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Dallas Cowboys vs. New England Patriots, Week 6: DOs and DON’Ts for Dallas

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Jonathan Bales

There is a huge mental difference between starting the season 2-2 and starting it 3-1.  The Cowboys are in about as good of a spot as possible for getting off to such a slow start, and things actually look up.  Advanced statistics show the Cowboys are actually heavy favorites to win the NFC East, and they are actually the No. 1 ranked team in terms of efficiency.  At a certain point, however, that potential must be realized, and it starts this week in New England.  Believe it or not, the Cowboys are only the slightest of underdogs.  To increase their likelihood of winning, here is what they need to do. . .

DO play a lot of underneath coverage and rely on the safeties to limit big plays.

The Patriots thrive on throwing the ball underneath, using the entire field to spread defenses and take advantage of mismatches.  More often than not, those mismatches involve Wes Welker.  If the Cowboys focus on covering the middle of the field, the Pats will run smashes, outs, and smoke screens to take advantage of this.  Thus. . .

DO place Orlando Scandrick on Wes Welker, but with outside leverage.

If the Cowboys play a lot of Cover 2 and other coverages with linebackers underneath, they can potentially use numbers to limit Welker’s effectiveness in the middle of the field.  Thus, Scandrick can play with outside leverage, doing everything in his power to stop Welker from crossing his face and beating him outside.  Containing Welker is critical to Dallas’ chances of winning, so they need to force Tom Brady to go elsewhere with the football.

DON’T respect the run.

There are a few reasons for this.  One is that the best way to take the ball out of Brady’s hands is to “allow” New England to run the football.  Don’t put eight men in the box, and have all of the defensive linemen and linebackers rush up field immediately.  By doing this, you are not only daring the Patriots to run the football, but you are also increasing the odds of getting to Brady without sending extra rushers.  If the Cowboys continually blitz in order to reach Brady, he will eventually beat them.  If they can get a solid rush with four or five defenders, though, they may have the ability to contain the Brady-to-Welker connection.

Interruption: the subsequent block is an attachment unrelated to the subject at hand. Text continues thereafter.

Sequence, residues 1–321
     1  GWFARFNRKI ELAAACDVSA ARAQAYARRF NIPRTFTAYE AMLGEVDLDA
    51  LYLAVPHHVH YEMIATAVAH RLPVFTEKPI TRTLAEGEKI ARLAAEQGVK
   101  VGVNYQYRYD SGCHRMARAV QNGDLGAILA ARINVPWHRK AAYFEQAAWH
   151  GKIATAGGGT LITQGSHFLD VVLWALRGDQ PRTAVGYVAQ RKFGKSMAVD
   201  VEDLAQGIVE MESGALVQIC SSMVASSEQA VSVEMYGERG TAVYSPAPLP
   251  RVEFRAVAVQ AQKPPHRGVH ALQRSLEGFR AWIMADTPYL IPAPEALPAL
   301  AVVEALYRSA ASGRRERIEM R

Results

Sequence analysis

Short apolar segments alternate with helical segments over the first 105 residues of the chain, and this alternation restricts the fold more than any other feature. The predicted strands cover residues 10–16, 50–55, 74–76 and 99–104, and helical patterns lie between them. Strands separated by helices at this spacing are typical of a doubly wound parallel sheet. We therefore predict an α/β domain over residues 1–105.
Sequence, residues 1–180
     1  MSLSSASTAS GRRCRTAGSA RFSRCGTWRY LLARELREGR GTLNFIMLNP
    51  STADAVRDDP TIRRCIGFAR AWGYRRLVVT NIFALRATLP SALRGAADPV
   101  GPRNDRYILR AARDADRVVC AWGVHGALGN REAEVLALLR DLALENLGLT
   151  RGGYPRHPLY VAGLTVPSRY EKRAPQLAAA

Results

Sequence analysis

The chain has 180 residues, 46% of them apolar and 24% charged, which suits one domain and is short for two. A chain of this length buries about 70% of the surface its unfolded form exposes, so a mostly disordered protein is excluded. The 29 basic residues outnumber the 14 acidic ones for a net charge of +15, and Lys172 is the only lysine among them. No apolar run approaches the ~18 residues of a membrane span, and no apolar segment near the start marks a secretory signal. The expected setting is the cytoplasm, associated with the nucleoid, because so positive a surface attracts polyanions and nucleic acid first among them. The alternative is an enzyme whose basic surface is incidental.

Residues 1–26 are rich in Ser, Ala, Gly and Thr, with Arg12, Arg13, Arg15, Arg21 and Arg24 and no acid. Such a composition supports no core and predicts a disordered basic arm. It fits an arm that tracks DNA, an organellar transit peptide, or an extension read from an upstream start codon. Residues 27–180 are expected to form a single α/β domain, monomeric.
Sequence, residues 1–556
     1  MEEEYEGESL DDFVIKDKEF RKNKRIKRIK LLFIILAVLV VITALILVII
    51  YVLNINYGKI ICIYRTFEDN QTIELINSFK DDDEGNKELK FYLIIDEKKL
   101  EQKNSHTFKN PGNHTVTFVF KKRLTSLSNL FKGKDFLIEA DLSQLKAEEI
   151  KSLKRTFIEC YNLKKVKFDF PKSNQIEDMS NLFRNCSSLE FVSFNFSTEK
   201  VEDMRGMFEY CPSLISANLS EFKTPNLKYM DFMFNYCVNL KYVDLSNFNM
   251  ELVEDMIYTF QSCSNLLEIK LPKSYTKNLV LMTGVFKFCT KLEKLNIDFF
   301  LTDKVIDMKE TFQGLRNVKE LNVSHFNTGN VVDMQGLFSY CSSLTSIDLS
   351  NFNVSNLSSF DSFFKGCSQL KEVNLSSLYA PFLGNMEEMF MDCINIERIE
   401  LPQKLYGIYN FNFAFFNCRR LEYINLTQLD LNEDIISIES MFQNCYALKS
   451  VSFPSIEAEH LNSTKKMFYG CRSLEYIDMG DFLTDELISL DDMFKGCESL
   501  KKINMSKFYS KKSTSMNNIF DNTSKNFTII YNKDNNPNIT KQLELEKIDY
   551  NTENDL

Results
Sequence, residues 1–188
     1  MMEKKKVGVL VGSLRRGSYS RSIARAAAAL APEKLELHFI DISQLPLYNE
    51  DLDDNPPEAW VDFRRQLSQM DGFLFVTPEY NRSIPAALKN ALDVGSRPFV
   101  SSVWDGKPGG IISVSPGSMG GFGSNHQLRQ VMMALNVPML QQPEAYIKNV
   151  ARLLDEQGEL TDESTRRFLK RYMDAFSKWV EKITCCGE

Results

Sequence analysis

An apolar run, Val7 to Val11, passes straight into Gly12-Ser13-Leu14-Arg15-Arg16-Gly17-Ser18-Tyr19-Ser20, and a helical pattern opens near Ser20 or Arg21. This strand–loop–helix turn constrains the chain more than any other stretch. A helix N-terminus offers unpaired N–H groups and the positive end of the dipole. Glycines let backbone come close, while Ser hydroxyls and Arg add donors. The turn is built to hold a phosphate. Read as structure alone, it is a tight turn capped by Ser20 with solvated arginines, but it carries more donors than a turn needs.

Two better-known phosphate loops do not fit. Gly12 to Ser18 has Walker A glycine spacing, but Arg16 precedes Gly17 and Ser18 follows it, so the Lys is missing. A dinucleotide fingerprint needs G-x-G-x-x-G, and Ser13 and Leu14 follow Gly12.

With defenders getting into their pass rush immediately after the snap, won’t the defense be susceptible to draws?  Probably, but you have to give them something.  I’ll take Benjarvus Green-Ellis on draws over Brady to Welker all day.  Even if New England is successful in running the football, the game will be shortened, and thus remain close.

DO play with the nickel defense on first down.

A final way to force New England to keep the ball on the ground is playing with passing personnel.  Scandrick should be on the field at all times, and I would rarely have Bradie James or Keith Brooking in the game.  First down running is far less efficient for offenses than passing, so do everything possible to make Brady hand off the football.

DON’T be predictable.

While this is always a motto on offense (not for Jason Garrett, obviously, since he ran the same predictable strong side drive from the same predictable “Double Tight Strong” formation on 4th and Goal at the half-yard line against the Lions), the defense can’t continually give Brady the same look and expect it to work.  The Patriots are among the best teams in the league at making adjustments and exploiting weaknesses in defenses.

Thus, the Cowboys should come into this game with two game plans–one for each half.  Perhaps they will play a lot of Cover 2 in the first half, placing Scandrick on Welker with outside leverage, as explained above.  In the second half, they could switch to a Cover 3 look, using the safety on the side of Welker to cover the “curl to flat,” which is basically the underneath area from the slot receiver to the sideline.  In that case, Scandrick would play with inside leverage, forcing Welker to the sideline where the safety is positioned.

From this Cover 3 look, the Cowboys could do a lot of different things.  Since the cornerbacks would have “deep third” responsibility, they could easily disguise that as man coverage.  Cover 3 is also a tremendous coverage from which to zone blitz.  There are a lot of options here, but regardless of what Rob Ryan implements, he should change that strategy at halftime. . .even if it is working.

DO single cover the X and Z receivers.